Ingredient Hot List: Sweeteners

August 7, 2020
Trends Sugar Sugar Ingredients
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As global concern over obesity and the pursuit of clean ingredients continues, artificial sweeteners are sometimes met with consumer uncertainty. Additionally, with concerns around COVID-19 still prevalent, sugar reduction will continue to be an area of focus to combat health factors associated with severe cases. And with 73% of consumers ranking taste as more important than grams of sugar in a product, brands may find themselves in a sticky-sweetener situation. From allulose to erythritol to honey, let’s check out what’s new, what’s hot, and how consumers feel about the sweet world of sugar substitutes. What are the sweeteners making waves with consumers?

Consumer Perceptions

Consumers are actively avoiding excess sugar in their foods and beverages. Especially as COVID-19 cases persist, sugar reduction will continue to be an area of focus as obesity and diabetes are two underlying health conditions that are risk factors for severe COVID-19 outcomes. According to Mintel, 87% of US consumers say they are limiting their consumption of sugar, and 74% of adults agree a healthy diet should be low in sugar.

When asked to rank food claims, Mintel found that consumers ranked “no added sugar” as more important than any other claim, and 76% of consumers think it is important to know if their food contains sugar substitutes. And although consumers value no added sugar, they often believe that reducing sugar means increasing artificial ingredients—making them choose between two perceived evils. In fact, 41% of US consumers say they avoid artificial sweeteners. Yet not all sweetened products are of top concern for consumers—the top product categories facing consumer scrutiny are carbonated soft drinks, juice, and desserts.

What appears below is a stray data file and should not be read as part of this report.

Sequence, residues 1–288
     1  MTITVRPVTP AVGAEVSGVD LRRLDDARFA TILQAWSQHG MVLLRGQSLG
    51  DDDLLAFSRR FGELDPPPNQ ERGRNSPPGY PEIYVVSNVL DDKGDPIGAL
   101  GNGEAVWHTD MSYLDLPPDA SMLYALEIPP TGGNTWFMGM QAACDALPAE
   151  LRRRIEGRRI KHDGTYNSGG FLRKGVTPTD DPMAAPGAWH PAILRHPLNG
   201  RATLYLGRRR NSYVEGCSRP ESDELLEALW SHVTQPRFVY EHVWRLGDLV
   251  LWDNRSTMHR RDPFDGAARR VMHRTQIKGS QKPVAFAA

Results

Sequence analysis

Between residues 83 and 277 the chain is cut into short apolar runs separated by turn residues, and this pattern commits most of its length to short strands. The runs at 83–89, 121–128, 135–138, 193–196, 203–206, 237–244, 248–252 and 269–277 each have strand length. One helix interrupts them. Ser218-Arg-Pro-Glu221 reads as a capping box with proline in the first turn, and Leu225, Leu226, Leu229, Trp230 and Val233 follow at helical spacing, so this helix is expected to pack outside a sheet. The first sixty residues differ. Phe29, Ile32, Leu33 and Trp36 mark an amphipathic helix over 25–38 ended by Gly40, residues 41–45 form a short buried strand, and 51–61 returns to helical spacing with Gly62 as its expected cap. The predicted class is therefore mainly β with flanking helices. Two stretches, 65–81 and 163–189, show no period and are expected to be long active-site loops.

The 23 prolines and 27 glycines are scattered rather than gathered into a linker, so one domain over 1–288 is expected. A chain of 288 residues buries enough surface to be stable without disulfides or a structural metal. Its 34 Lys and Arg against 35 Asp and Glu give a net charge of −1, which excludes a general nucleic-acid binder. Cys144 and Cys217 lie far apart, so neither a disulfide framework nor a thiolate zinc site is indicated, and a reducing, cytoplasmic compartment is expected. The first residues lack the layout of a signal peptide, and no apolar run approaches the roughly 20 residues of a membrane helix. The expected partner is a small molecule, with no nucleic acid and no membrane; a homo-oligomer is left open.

Sugar Say What?

More than half of consumers are confused by reduced sugar claims. Research conducted by Quadrant Strategies for the Sugar Association found that consumers fail to recognize sugar substitutes in product ingredient lists 63% of the time; and 69% of consumers believe that products labeled “reduced sugar” or “no sugar added” are lower-calorie products. The need for more descriptive, clear labels is clear—66% of the study’s participants said they think it’s important that food manufacturers be required to clearly identify sugar substitutes as sweeteners in ingredient lists.

66% of consumers think food companies should be required to clearly identify sugar substitutes as ‘sweeteners’ in ingredient lists. On June 3, 2020 The Sugar Association filed a petition with the FDA asking them to update their industry requirements for sweetener labeling.

Parents & Children

Parents want to know what’s in the products they feed their families. 76% of parents believe it’s important to know if their children’s food contains sugar substitutes, and 73% want to know the amount of sugar substitutes in that food. This could be because many consumers feel that sugar substitutes are less healthy and less safe than sugar—especially for children. In fact, Quadrant Strategies found that consumers perceive artificial sweeteners to be 10% safer and 9% healthier for adults than children.

What's New and What's Hot

Allulose (NEW)

An uncommon sugar that is 70% as sweet as sugar but only has 10% of the calories, allulose possesses the same sought-after properties of sugar like mouthfeel, bulking, and browning. Allulose is still niche in the market due to its regulatory infancy and high price point; but has potential to grow in use as sugar reduction increases.

Ray's No Sugar Added Hickory Barbecue Sauce contains 1g sugar per serving and is sweetened with allulose

63% of consumers would likely or definitely would buy this product

O'My! Cake Walk Flavored Dairy Free Gelato is sweetened with allulose and contains 2g of sugars per serving.